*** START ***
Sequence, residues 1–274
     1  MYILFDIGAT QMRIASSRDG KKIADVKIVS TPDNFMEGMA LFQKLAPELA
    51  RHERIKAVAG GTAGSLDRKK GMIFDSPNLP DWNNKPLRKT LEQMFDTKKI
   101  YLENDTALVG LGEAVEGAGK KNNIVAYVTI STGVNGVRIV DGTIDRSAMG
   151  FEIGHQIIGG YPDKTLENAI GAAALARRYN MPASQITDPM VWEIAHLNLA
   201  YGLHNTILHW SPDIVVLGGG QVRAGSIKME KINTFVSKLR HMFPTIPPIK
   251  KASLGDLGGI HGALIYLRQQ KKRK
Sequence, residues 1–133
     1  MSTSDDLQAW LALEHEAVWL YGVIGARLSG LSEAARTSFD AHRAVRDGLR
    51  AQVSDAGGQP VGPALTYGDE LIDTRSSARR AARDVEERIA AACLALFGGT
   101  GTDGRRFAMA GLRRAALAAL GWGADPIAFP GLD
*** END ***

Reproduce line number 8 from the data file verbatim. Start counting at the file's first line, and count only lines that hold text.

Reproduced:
Sequence, residues 1–133